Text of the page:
Maybe someone could convince Nathan to replicate it. Does anyone know why he doesn't make an iron gall ink?
Nathan, it would appear, doesn't like acidic inks. Most of the Noodler's inks are pH neutral.
There are good reasons why iron gall inks can be problematic for archival purposes, due to the acid eating holes in the paper. (This may depend on the amount of iron gall compounds in the ink.)
Iron gall inks are probably also not as resistant to forgery as Noodler's bulletproof inks, which are based on dyes which react with the cellulose of paper.
Also, take a look at the Noodler's site to see what iron gall inks can do to aluminium foil! I am hazarding a guess that one of the inks mentioned may be Mont Blanc blue-black ink. (I may be wrong.)
Iron gall ink in the past reacted with the medium of the paper in a few different ways. The first was the oxidation of the soluble Iron (II) Sulphate to Iron (III) sulphate which attacked the cellulose of paper, excess sulphate in poorly mixed ink was the leading cause to paper degradation, high acidity, humidity and temperature accelerated this process by being catalysts and that's what created holes in the paper. Though not definite, Iron gall inks with well balanced Iron(II) sulfate, and which are not as acidic appear to persevere better than those that are not. One researcher even found acid free paper to be degraded, though the key here is if he was using poorly made ink with excess iron (II) sulfate or not, which is not made clear, and which others point to in criticizing his original claim that all iron gall inks will degrade paper.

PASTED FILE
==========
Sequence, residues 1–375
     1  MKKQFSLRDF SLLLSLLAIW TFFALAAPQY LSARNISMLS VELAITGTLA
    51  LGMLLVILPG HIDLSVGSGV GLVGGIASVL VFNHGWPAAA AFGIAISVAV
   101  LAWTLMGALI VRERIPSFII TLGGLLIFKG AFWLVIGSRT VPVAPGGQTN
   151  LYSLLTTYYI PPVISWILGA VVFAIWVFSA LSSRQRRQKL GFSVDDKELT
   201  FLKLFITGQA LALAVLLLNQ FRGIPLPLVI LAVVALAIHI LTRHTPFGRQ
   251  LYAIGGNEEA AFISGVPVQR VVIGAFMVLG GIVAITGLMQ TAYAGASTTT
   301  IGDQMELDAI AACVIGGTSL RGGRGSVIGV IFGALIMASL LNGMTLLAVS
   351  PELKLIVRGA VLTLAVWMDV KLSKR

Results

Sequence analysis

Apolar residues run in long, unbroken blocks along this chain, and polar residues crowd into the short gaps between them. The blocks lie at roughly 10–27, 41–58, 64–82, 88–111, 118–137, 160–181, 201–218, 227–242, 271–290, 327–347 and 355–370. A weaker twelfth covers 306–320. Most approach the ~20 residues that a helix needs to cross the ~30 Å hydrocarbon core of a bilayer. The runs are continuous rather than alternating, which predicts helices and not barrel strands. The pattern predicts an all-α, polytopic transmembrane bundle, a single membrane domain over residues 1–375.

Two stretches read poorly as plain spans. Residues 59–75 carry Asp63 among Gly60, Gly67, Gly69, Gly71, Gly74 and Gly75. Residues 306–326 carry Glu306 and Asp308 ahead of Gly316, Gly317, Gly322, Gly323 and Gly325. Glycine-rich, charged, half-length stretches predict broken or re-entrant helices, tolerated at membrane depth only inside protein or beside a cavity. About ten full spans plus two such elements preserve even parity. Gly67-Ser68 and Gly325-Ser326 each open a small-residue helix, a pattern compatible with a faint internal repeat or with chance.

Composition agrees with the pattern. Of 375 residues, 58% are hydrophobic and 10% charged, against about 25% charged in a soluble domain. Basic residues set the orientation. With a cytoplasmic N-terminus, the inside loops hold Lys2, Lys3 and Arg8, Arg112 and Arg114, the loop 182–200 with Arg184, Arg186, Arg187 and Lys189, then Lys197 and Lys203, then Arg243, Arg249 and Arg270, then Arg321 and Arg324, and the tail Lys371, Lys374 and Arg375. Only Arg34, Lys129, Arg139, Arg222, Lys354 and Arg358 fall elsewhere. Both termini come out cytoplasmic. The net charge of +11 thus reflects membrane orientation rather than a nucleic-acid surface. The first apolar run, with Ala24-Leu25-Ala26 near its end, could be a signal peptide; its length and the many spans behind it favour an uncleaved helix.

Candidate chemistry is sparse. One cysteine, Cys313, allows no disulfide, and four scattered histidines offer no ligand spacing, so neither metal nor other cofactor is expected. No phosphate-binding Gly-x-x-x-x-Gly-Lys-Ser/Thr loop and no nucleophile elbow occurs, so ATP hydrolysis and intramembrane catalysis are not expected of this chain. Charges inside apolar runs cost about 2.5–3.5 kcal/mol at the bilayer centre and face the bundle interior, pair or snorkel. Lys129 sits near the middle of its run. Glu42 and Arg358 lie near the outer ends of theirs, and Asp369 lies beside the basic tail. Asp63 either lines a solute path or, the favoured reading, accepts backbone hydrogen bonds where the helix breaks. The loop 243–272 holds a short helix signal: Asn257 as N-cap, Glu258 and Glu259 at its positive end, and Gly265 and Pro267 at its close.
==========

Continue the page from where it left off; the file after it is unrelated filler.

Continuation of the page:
I believe in using modern formations from Diamine, Lamy, and R&K, you have two things going for you, you have well formulated iron gall ink, which lessens the presence of excess sulphate, and two, you have acid free paper widely used which helps to decrease the acid present. The high humidity, and temp is environment dependent of course, but if you hope to preserve something, I would think you would be reducing the presence of these two things!
The one problem with the aluminum test is very few pens of any quality are made with aluminum parts, and so unless you are set on using a 10 pack of knock offs you got for five dollars, the quality of stainless steel nibs is such that the acid from fountain pen friendly iron gall ink is a non issue, heck the stainless steel and metal parts of the knock offs maybe as good too, I just wouldn't trust they have a great quality control program. I have used Diamine Registrar's in two Lamy safari's for 2 1/2 years now with no degradation of the nib, and R&K Scabiosa in a Lamy Safari and P51 with no degradation. This doesn't mean you shouldn't be aware that after 2 weeks to a month a little precipitation can occur, but usually if used as a every day pen, a refill or two will happen before this time. if precipitation does happen, flushing it with a tiny amount of soap gets it ready to write again. I have never had a pen become clogged, it's simply not an issue as long as you maintain your pens.
Edited by JakobS, 18 August 2011 - 14:43.
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